Omo Omoruyi’s Daughters In Legal Battle Over Will

From Jefferson Ibiwale, Benin City

A dispute has arisen among family members over the estate of former director-general of the defunct Centre for Democratic Studies, CDS, Omo Omoruyi, who was buried less than two months ago.

The family members had disagreed over Omoruyi’s burial arrangements as his two biological children – Amenze Omoruyi-Okungbowa and Ivie Oyenmwen Omoruyi- Idehen – both women, said to be based in Canada and the United States, had insisted on seeing their father’s corpse before the arrival of their brothers and mother from the US.

The dispute delayed plans for the burial but was eventually resolved by the Esogban of Benin Kingdom, David Edebiri, who is said to be a relative of the Omoruyi family.

Now the two daughters have instituted a case at a Benin City High Court challenging the purported will of their father and urging the court to declare that the two adopted sons of their father cannot be beneficiaries of his estate.

Joined as defendants in the suit are Union Edebiri, Donald Omorodion (executors of the will of the late Omoruyi), Imuetiyan Festus, Iduoze Nehikhare, Owere Dickson Imansogie, Sunday Omoruyi, Eghosa Omoruyi (younger brother to the deceased), Courage Omoruyi and the probate registrar.

In the writs of summon by the counsel to the claimants, N.P Osifo, the two daughters want the court to declare their father’s will null and void, as the concept is contrary to Bini native law and customs.

They also argue that the concepts of adopted male children are unknown to Bini native laws and customs and, therefore, not entitled to inherit properties from their adopted father.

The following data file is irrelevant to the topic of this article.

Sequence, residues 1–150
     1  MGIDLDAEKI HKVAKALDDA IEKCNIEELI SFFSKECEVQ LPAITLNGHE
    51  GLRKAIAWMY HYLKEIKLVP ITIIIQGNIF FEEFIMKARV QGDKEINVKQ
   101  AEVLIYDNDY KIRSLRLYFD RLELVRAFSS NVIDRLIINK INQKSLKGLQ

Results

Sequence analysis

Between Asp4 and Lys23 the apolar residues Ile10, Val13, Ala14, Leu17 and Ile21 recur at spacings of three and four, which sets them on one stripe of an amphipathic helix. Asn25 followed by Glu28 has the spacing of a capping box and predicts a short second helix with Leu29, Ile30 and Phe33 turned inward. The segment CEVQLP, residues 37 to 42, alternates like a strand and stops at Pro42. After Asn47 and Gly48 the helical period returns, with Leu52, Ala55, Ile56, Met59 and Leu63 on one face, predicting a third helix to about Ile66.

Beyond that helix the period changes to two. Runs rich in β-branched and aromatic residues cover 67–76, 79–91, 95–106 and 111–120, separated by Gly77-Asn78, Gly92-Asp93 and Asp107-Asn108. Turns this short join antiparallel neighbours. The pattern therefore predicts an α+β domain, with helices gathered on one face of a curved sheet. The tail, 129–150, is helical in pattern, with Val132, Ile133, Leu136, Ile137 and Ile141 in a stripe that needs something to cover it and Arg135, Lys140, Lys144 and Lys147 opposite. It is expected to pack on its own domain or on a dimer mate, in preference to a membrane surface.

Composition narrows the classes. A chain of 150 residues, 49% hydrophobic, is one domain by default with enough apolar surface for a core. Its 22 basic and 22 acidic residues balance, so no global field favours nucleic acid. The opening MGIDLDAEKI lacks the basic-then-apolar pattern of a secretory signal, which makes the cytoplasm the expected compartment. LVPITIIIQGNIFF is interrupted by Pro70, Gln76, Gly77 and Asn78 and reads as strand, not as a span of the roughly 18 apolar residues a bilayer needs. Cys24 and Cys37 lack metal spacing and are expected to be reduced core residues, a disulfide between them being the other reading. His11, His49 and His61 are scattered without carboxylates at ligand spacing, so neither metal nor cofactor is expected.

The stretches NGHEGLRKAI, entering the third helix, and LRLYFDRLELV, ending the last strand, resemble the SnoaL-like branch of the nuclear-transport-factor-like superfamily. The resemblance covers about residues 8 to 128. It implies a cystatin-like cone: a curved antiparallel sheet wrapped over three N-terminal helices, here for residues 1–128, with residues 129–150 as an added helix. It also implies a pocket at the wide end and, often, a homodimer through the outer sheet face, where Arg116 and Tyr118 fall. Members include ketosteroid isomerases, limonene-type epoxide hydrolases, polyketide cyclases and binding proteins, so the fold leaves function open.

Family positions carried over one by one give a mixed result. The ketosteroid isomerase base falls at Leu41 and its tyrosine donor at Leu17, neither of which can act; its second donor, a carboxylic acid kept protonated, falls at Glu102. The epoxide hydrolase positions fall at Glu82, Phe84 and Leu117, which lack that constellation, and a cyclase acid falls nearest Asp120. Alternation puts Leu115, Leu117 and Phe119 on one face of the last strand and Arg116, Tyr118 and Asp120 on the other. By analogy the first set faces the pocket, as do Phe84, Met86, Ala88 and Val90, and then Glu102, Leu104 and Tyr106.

Alternatively, they want a declaration that the two adopted children, being witnesses to the said will, cannot under the Will’s Act be beneficiaries under same will.

They also want the court to declare that the purported gifts to the adopted sons who were said to be witnesses to the said will now becomes the bonafide property of claimants being Omoruyi’s biological children.

Other prayers sought by the claimants include:

    “A declaration that the signature purported to be signature of the claimants’ father on the will dated 28th September, 2013 is not his signature.”

    “A declaration that a will that is lodged with the Probate Section of the High Court after the death of the Testator is not the Will of the Testator.”

    “A declaration that the will dated 28th September, 2013 which was lodged in November 2013 is open to serious doubt as to its correctness and actual custody particularly when the Testator had died before it was lodged.”

    Omoruyi died in Benin City on October 14, 2013 after a protracted battle with cancer.

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